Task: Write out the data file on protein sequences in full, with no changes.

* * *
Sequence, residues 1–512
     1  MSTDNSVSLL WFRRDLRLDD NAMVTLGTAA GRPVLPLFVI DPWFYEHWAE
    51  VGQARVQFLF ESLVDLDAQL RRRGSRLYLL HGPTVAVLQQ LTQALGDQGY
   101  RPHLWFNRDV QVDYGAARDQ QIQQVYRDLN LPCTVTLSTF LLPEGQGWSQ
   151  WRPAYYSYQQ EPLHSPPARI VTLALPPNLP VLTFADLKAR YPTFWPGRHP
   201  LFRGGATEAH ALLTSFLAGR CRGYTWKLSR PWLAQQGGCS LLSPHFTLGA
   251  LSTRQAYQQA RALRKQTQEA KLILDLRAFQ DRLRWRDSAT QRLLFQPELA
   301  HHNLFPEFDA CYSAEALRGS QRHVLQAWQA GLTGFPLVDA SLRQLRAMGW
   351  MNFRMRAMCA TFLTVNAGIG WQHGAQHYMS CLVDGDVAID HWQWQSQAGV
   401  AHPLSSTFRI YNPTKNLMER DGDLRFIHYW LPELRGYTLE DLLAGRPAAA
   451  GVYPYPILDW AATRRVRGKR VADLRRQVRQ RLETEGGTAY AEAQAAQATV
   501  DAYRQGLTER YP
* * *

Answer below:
Sequence, residues 1–512
     1  MSTDNSVSLL WFRRDLRLDD NAMVTLGTAA GRPVLPLFVI DPWFYEHWAE
    51  VGQARVQFLF ESLVDLDAQL RRRGSRLYLL HGPTVAVLQQ LTQALGDQGY
   101  RPHLWFNRDV QVDYGAARDQ QIQQVYRDLN LPCTVTLSTF LLPEGQGWSQ
   151  WRPAYYSYQQ EPLHSPPARI VTLALPPNLP VLTFADLKAR YPTFWPGRHP
   201  LFRGGATEAH ALLTSFLAGR CRGYTWKLSR PWLAQQGGCS LLSPHFTLGA
   251  LSTRQAYQQA RALRKQTQEA KLILDLRAFQ DRLRWRDSAT QRLLFQPELA
   301  HHNLFPEFDA CYSAEALRGS QRHVLQAWQA GLTGFPLVDA SLRQLRAMGW
   351  MNFRMRAMCA TFLTVNAGIG WQHGAQHYMS CLVDGDVAID HWQWQSQAGV
   401  AHPLSSTFRI YNPTKNLMER DGDLRFIHYW LPELRGYTLE DLLAGRPAAA
   451  GVYPYPILDW AATRRVRGKR VADLRRQVRQ RLETEGGTAY AEAQAAQATV
   501  DAYRQGLTER YP